Woodborough Hill of August 20, 2012 shows the current astronomy of Venus and Mercury using two artistic metaphors: of “ocean sunfish” swimming in Earth’s sky toward the Sun, or of “two serpents” from the Aztec Sunstone
A new crop picture near Woodborough Hill on August 20, 2012 represents a direct thematic continuation of many other crop pictures from earlier in the season. There have been a whole variety of beautiful field images which describe the current astronomy of planet Venus in terms of a “sunfish” or a “serpent”. Several crop pictures have also cited dates in the Mayan Long Count calendar. A summary of these previous crop pictures is listed in Table 1 below.
Table 1. Crop pictures relating to current Venus astronomy during the summer of 2012, using “sunfish” or “serpent” metaphors
The new crop picture at Woodborough Hill seems to be a direct thematic continuation of those earlier ones. First we can see the overall metaphor of an “ocean sunfish”, to describe planets Venus and Mercury as they “swim through Earth’s sky” toward the Sun (in bright crescent phase):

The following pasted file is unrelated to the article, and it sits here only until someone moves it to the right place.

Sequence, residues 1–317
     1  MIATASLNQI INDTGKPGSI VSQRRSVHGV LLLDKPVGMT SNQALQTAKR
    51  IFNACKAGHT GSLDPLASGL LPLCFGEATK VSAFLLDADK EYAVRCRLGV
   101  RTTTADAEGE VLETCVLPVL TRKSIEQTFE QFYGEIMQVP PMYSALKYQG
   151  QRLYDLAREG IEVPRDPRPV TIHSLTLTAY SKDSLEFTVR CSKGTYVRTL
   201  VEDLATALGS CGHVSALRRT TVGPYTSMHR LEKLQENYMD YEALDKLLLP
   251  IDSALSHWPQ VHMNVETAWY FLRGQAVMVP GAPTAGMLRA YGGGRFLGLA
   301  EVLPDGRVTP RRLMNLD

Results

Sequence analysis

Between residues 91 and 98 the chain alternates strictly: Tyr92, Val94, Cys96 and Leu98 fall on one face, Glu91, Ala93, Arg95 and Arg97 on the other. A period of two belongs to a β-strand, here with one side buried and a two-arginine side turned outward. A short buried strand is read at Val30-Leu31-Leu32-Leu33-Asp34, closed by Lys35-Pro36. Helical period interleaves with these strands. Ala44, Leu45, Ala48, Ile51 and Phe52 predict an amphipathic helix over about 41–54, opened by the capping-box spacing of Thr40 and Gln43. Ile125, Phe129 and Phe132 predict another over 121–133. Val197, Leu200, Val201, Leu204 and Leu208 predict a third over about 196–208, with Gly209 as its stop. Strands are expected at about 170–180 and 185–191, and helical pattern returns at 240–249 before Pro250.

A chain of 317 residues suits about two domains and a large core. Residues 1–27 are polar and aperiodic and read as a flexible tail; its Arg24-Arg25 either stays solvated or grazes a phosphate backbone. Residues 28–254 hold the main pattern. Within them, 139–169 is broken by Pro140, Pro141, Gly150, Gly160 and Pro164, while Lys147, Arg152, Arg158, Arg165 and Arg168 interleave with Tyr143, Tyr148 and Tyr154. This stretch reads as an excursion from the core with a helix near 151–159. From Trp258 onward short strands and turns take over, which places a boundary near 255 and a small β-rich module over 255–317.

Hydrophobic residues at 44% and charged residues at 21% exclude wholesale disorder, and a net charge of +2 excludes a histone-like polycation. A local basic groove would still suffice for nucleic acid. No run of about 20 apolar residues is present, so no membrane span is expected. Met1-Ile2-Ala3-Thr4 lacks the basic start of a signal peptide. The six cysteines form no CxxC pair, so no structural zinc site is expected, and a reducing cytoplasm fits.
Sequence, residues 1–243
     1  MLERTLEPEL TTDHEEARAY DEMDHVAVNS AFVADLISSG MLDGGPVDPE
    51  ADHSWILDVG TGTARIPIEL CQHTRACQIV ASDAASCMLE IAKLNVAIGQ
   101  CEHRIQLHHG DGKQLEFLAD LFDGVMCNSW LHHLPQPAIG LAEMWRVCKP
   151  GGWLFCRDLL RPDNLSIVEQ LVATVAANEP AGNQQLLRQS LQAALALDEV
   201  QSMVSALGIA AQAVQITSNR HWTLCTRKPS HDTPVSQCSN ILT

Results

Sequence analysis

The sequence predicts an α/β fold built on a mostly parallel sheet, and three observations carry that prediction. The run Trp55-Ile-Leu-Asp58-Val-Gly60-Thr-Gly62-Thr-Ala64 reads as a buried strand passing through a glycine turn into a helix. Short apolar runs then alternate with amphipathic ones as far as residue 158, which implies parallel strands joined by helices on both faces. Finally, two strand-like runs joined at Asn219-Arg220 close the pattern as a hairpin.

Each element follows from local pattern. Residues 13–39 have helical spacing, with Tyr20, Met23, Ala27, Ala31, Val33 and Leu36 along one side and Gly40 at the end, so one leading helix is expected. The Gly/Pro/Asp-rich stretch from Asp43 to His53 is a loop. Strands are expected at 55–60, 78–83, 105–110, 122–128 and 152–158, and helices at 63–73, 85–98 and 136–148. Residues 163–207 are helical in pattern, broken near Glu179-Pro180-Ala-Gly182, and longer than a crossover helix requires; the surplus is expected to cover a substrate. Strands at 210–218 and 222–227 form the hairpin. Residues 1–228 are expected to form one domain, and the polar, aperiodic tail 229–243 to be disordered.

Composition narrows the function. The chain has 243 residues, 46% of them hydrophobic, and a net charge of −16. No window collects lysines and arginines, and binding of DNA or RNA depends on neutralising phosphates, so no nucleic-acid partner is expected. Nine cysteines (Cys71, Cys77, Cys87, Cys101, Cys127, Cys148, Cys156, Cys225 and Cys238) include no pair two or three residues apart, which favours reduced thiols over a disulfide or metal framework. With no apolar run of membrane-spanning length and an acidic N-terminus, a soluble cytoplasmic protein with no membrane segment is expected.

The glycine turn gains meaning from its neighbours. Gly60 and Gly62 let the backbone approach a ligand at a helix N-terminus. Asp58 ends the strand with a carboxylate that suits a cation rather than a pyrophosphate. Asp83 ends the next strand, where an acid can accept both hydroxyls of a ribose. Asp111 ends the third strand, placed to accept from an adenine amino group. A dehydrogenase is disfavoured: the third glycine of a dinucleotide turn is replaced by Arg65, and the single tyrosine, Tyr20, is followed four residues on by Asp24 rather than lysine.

Next we can see a metaphor of “two serpents” as adapted from the Aztec Sunstone. This motif tells us to look for some kind of date in the Aztec-Mayan Long Count calendar, and indeed we find it as “11.15” for the current date of August 20 which is (12.19.19).11.15:
Finally we can see two large “crescents” to represent the planets Venus and Mercury in bright crescent phase, for a date of August 20, 2012:
Both of these planets are currently “swimming through Earth’s sky” toward the Sun. Mercury reached its maximal elongation a few days earlier on August 16. The current astronomy of Mercury was also shown in a spectacular crop picture at Santena, Italy on June 17. An earlier crop picture in the nearby field at Picked Hill on July 9 likewise showed planet Venus as a “serpent”, heading down towards the Sun.
Treating these paranormal field messages solely as “art”, they now constitute the greatest open-air art exhibit which our world has ever seen. A famous scientist once told me, when he saw that a Nobel Prize had been awarded unwisely: “One can only wonder about the committee!” Likewise today, we can only wonder about the art community in Britain, and the general society there, who continue to ignore (or even destroy) these magnificent works of field art, wherever they might come from, and whoever the true artists might be.
Red Collie (Dr. Horace R. Drew)